Ventures in VancouverOctober 7, 2017 in Canada
On arriving in to Vancouver we were greeted by the sight of a homeless guy rooting through a bin and the smell of weed. Perhaps the stories we had heard about Vancouver were true! We took the SkyTrain to our hostel and dumped our bags in our private room with a delightful urine aroma. A good start! First stop, the liquor store! Hugo was pleased at the price of beer and handed over his two pieces of ID at the checkout. The guy took a look at Hugo's photo on his driving licence and commented 'that was a totally different stage in your life’. Then upon seeing his name, added that he should be in a band, at which point 'Hugo and the Swifts’ was born.
After recovering from the previous night’s sleep on the train, we ventured through town to Granville Island, a place known for its market and art district. A poster advertised the upcoming 'turkey run’ on Thanksgiving. We wandered around the food stalls and purchased a Chinese meal which we ate in the square overlooking false creek while enduring the singing of a busker. We shared a homemade 'lemon square’ (hopefully we can recreate using the ingredients listed on the packet!). Feeling as though we were in need of some vitamins, we selected a box of blueberries and raspberries, however were shocked to hear '18 dollars’ (£12!) at the checkout - you wouldn't even pay that in Waitrose! After browsing the ceramic shops we made our way on foot to Queen Elizabeth park, although stopped at the Cactus Cafe for happy hour drinks. Having just missed the biodome, we looked out over the city from the park gardens and then caught a bus over to the University of British Columbia (UBC). The campus was extensive and we eventually found ourselves at its museum of anthropology. Fortunately we visited on Thursday when admission prices are reduced. Good job as we whizzed round the vast displays of masks, totem poles and first nations costumes in less than an hour. Whilst extensive, the archives were clearly intended for people with a prior knowledge of anthropology!
Next day was devoted to pampering Hugo. First up, a haircut at one of the many hipster barbers, this one named 'the man cave’. No less than ten minutes later and he was a transformed traveller. We found ourselves in a French cafe and struck upon some day old pastries reduced to half price - winner! We then walked back up through the trendy red-brick Yaletown with industrial style buildings now inhabited by boutiques and bars and hit the shops on Robson Street, although not before grabbing a slice of pizza and seeing adverts for Thanksgiving poutine. Hugo purchased a bargain pair of Hollister jeans to replace his current ones that have an increasingly large hole in an unfortunate place. I was amused by 'the face shop’, clearly a lesser-known sister of the body shop. Following the successful shopping session we decided to explore the Gastown district of the city, popular for its cafes and shops lining the historic streets. As we walked through the district, the usual crowd of tourists and locals slowly morphed into an unfamiliar gathering of homeless dwellers, and then the realisation came that we were on East Hastings Street, the one place we had been told to avoid. We have not seen poverty in the developed world like it - drugs being injected in broad daylight, people slumped next to trolleys of cardboard that they would later use to sleep on. It was the land of zombies. We later heard stories of the people sleeping on the kerbside vents from the underground, and of them flogging their prescriptions on buses in exchange for money for drugs. If nothing else this was an illuminating insight into the darker side of Vancouver that most people tend to avoid. A couple of streets below and we were in Gastown, yet miles apart in terms of atmosphere and wealth. We passed by the famous steam clock and had a nosy around a maple syrup shop before moving on to explore Chinatown. The history of the area was interesting to read about on the wall plaques, however we made tracks after a dodgy cafe toilet situation - two arguing locals rushed into the toilet before I could, clearly after having procured some dodgy package, so I thought better of using it. Back in the relative comfort of the hostel, the Liverpudlian guy working there invited us to join the meal they were preparing for guests. We chatted with others in the common room and before long a huge 'shepherds’ pie arrived. It was actually beef mince so a cottage pie, but the Canadians didn't distinguish the two. It was also slightly different in that it was deconstructed, wherein you poured on your own gravy. Along with people from New Zealand, Germany, Belgium and the UK (two of which were from Harrogate and one shared a Spanish class with Heather at sixth form), we learnt how to play 'mushroom’ (basically balancing cards on a wine bottle rim) and then went to The Railway, a live music venue around the corner from the hostel. Inside, Hugo was approached by a gay guy who kept commenting to me 'he’s so beautiful’. Hugo asked him what he did and the guy repeated the same few words to start his response without actually finishing his sentence which was very frustrating. After a few attempts to continue the conversation, Hugo told him he was a piece of work and we wandered off. At 2am we all went back to the hostel, Hugo mourning the lack of chicken wings. In the early hours we were woken by a scurrying sound across the floorboards - the shreds of silver foil were a giveaway as to our company!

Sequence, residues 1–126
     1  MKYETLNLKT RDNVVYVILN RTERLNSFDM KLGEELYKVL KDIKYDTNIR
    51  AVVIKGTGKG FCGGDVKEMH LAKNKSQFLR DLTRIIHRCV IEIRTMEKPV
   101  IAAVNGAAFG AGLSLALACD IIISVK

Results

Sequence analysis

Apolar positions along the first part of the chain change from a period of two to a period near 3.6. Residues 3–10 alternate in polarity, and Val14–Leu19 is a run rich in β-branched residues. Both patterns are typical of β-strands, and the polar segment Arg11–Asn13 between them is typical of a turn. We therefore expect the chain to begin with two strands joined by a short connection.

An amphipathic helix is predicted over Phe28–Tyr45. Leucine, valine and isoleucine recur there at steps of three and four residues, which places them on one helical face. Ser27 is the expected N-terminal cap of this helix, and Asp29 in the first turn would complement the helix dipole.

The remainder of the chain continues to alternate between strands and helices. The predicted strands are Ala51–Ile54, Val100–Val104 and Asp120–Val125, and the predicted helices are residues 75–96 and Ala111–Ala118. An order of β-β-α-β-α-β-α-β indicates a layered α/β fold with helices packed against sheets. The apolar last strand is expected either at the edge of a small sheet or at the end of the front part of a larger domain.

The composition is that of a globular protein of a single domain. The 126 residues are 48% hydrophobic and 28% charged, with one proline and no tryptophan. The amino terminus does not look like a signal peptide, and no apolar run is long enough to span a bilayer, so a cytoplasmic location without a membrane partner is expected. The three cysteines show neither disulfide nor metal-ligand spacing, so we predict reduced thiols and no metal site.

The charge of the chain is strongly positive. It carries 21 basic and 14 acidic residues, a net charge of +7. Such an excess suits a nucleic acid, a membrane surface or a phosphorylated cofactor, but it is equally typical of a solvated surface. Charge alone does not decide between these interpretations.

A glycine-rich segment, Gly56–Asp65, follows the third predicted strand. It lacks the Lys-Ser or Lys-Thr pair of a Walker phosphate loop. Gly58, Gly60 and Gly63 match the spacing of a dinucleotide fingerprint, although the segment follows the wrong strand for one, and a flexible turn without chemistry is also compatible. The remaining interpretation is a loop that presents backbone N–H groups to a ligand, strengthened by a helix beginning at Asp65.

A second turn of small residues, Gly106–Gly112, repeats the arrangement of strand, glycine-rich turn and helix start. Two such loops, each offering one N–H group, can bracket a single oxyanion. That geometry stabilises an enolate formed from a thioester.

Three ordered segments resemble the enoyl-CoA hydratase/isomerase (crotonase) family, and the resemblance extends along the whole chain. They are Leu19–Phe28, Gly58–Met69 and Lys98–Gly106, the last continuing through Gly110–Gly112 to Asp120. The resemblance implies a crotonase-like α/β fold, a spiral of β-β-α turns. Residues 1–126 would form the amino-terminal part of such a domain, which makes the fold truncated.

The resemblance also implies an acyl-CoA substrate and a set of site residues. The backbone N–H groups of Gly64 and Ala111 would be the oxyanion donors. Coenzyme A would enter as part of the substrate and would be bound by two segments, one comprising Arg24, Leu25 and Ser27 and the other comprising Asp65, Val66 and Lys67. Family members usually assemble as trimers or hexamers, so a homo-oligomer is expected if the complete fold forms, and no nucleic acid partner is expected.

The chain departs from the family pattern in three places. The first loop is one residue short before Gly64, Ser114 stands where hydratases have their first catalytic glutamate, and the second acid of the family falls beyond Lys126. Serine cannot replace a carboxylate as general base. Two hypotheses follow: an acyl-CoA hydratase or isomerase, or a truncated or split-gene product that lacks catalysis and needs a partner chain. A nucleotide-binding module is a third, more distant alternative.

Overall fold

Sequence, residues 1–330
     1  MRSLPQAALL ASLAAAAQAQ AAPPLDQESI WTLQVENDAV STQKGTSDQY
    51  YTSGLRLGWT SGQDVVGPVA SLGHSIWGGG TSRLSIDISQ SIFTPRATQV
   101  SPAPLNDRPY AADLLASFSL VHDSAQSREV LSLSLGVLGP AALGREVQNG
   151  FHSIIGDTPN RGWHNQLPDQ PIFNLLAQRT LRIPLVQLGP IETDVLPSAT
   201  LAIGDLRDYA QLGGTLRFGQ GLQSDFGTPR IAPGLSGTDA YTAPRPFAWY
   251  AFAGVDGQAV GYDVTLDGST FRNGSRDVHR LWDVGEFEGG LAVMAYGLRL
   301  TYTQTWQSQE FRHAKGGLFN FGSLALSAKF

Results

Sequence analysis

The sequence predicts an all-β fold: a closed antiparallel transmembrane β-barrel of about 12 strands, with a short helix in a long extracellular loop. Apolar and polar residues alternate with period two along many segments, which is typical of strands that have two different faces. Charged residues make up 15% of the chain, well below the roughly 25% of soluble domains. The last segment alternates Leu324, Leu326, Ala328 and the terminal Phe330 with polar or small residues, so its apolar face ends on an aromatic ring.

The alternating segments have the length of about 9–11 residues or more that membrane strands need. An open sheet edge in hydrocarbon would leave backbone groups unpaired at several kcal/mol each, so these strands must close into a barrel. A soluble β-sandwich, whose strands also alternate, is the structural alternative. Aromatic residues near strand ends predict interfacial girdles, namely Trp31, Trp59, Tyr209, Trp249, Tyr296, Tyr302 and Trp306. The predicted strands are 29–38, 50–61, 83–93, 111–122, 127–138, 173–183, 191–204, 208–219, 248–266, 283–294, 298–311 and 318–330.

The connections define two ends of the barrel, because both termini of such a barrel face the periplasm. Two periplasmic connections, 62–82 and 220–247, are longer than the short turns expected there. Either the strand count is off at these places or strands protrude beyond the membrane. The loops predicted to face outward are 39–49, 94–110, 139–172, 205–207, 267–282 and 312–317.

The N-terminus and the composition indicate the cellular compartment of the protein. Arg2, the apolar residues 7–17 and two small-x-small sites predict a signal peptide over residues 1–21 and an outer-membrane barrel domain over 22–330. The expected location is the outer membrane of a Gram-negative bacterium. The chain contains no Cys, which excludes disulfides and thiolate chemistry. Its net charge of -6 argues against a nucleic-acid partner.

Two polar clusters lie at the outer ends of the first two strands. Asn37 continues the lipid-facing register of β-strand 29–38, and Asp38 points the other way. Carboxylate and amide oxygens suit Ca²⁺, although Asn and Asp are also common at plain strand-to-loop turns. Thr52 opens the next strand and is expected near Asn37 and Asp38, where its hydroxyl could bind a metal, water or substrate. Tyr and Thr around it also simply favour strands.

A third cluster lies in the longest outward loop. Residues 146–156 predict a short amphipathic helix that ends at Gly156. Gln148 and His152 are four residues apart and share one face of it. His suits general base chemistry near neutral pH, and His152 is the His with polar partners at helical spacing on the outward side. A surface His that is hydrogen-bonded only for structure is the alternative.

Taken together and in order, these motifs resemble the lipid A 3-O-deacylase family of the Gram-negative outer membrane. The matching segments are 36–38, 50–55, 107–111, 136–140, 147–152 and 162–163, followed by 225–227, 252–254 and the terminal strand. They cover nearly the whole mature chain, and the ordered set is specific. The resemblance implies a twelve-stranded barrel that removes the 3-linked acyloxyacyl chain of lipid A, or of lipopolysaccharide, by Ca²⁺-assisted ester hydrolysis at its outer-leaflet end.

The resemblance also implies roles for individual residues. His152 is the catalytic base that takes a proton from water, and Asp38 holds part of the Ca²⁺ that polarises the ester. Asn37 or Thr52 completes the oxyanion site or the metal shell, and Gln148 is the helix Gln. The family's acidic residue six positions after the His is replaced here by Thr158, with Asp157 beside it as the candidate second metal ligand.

With Hugo feeling slightly worse for wear the following day, we walked a few steps up the street to Gojira Ramen, a Japanese noodle cafe. We had been eyeing it up over the past few days and could tell it was a reliable place to eat by the number of Japanese eating there. After queueing for a short while we sat down at the table. I ordered a spicy ramen soup with pork, and Hugo opted for a plainer soup with fried chicken. We were glad we only went for the standard size as the large bowls looked like they could feed a family of four! A group of snapchat-obsessed girls were tucking into a bowl each that they couldn't possibly have finished. Hugo couldn't even stomach his bowl so he had it packaged up to take away. A recommendation if you find yourselves in Vancouver! To get some fresh air we walked along the waterfront, passing a pixelated orca sculpture, an island fuelling station for boats, and watching seaplanes take off and land. In the harbour we remarked about the cute boats built in the shape of houses on a deck, and spotted two seals in the water. We walked along the seawall that surrounds Stanley Park, passing totem poles and sculptures to reach Lion’s Gate bridge that crosses the ocean to North Vancouver. Short on time, we then detoured inland to Beaver Lake, and although there were no beavers in sight, we did see many colourful mandarin ducks. We then found the Lost Lagoon and continued on to English Bay beach, which looked beautiful as the sun shone on the autumnal coloured trees and the droplets of rain produced a rainbow. Locals sat on benches and Canada geese waddled along the grass. At 5.30pm we navigated our way through a marijuana market to Rogers arena in anticipation of the first ice hockey game of the season, which we had tickets to. As we collected our free alcoholic drink - a ploy to increase spectator numbers - we came across the couple from Wakefield that we had met on the train! With 20 minutes of happy hour left we purchased two hot dogs and found our seats. A dramatic intro video played, introducing the Canucks. The players then made their way on to the ice and began stretching and warming up, involving a lot of frog-like poses which was a sight in itself. An operatic voice started up the national anthem, although he only sang a few words before letting the crowd do the rest of the work. After the first 20 minutes we were still trying to figure out the rules. The Canadian guys next to us gave us a brief explanation of the game during one of the many intervals. As part of the Canadian experience Hugo bought some popcorn and we laughed as a guy stuck out his tongue as his partner went to kiss him during kiss cam. Like the baseball, there were various prizes for ridiculous games such as guessing the smoothie flavour etc. A fight broke out in the final third, causing the crowd to descend into applause and jeering. The home crowd cheered the Canucks to success against the Edmonton Oilers and we ambled along the streets along with hundreds of other fans back to the city.Read more